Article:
Erica -- has the topic of having a listing on the forum of professionals ever come up - so that we could do a search for someone in a particular location?

Everyday Handwriting | Penmanship / Re: What happened to my cursive?
« on: March 16, 2021, 07:01:15 AM »
Sounds good -- I've often thought of setting up a table for everyday penmanship somewhere that is not a classroom to establish an informal gathering spot. There were 70 people at the first IAMPETH that I attended - so we were all in the same banquet room for the entire week. It was so nice to actually meet everyone who was there. But, I'm happy that it's grown. It's better for spreading the wealth of knowledge.

Everyday Handwriting | Penmanship / Re: What happened to my cursive?
« on: March 14, 2021, 08:20:11 AM »
To anyone who needs to repair their handwriting --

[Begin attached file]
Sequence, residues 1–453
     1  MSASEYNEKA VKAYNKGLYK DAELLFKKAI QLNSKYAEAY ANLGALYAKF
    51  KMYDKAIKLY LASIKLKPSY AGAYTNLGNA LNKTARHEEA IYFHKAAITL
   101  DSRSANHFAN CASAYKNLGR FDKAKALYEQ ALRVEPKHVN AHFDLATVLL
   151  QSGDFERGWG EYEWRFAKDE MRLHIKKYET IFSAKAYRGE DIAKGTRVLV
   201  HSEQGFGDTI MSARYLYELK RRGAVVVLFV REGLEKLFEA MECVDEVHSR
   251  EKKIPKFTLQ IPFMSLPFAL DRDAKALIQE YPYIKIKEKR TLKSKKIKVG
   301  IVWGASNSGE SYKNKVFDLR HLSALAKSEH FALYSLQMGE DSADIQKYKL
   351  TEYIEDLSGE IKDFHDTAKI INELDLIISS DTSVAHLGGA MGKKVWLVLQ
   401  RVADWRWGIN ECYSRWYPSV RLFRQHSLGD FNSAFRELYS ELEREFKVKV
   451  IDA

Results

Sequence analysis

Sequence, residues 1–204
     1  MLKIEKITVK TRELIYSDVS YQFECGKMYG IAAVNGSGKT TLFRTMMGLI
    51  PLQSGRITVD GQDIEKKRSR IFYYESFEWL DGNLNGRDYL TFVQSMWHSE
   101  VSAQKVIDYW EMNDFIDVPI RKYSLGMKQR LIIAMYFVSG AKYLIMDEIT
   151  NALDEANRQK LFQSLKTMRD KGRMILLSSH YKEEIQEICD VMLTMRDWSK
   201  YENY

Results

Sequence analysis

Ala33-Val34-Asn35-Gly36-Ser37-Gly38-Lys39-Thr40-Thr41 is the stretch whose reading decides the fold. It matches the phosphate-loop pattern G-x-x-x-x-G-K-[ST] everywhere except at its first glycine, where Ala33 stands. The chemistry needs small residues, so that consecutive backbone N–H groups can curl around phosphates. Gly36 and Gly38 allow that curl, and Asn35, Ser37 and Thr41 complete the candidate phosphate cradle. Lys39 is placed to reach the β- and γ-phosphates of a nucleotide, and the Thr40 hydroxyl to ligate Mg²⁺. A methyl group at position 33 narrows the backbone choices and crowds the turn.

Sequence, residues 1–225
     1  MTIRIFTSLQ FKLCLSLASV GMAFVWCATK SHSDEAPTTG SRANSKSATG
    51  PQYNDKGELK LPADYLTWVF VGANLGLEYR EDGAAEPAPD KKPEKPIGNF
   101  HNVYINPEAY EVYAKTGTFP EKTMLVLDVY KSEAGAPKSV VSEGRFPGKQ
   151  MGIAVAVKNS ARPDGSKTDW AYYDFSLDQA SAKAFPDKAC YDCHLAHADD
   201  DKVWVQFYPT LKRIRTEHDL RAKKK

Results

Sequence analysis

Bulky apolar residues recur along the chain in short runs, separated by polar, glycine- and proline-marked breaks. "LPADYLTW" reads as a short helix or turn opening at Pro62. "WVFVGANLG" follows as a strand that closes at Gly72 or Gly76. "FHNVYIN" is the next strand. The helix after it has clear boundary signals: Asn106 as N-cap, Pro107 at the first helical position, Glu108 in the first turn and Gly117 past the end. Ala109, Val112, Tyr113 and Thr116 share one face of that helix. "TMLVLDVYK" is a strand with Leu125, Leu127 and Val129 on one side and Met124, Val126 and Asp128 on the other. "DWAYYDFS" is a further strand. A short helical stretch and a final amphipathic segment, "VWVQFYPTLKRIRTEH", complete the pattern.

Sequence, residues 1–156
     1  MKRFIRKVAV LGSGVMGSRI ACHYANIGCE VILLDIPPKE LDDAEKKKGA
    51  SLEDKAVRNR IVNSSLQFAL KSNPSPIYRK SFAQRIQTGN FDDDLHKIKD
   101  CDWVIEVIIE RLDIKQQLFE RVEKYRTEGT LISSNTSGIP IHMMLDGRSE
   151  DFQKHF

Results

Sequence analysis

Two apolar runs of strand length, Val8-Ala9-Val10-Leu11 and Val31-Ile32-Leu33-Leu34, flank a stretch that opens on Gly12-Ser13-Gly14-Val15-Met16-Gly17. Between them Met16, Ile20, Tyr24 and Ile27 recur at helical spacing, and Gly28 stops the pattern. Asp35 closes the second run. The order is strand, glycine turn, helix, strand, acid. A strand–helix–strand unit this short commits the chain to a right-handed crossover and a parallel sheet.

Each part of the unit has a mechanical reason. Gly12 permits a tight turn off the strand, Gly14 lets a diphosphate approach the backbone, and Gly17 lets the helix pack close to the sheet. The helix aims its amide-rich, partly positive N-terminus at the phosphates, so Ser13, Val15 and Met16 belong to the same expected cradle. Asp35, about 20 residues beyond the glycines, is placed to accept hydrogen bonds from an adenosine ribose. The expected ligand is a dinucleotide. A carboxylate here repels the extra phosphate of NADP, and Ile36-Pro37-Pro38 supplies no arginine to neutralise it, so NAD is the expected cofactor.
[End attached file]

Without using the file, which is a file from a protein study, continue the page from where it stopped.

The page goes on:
Andrew's suggestion to slow down -- is absolutely, positively, Step 1.

This is just one opinion -- I'm sure other people see it differently.

Cursive usually means letters that are joined.
Cursive can apply to both everyday penmanship as well as calligraphy.
Cursive can also be applied to crazy quirky lettering.

Cursive can be used as part of a definition of a style that has a name - like Spencerian.
Cursive can also be used as part of the name of a style - like American cursive.

As I recall, Mike Sull put the name American Cursive on his own style of cursive - intended for an everyday penmanship.
But - it is such a generic word - I don't think the name is going to have a lasting connection with his particular style - because his style is so similar to all the other basic penmanship styles.

Business penmanship is a term that evolved because there was a time, before typewriters, where business was booming and the only way to keep track of things was to have people hand writing documents and ledger books.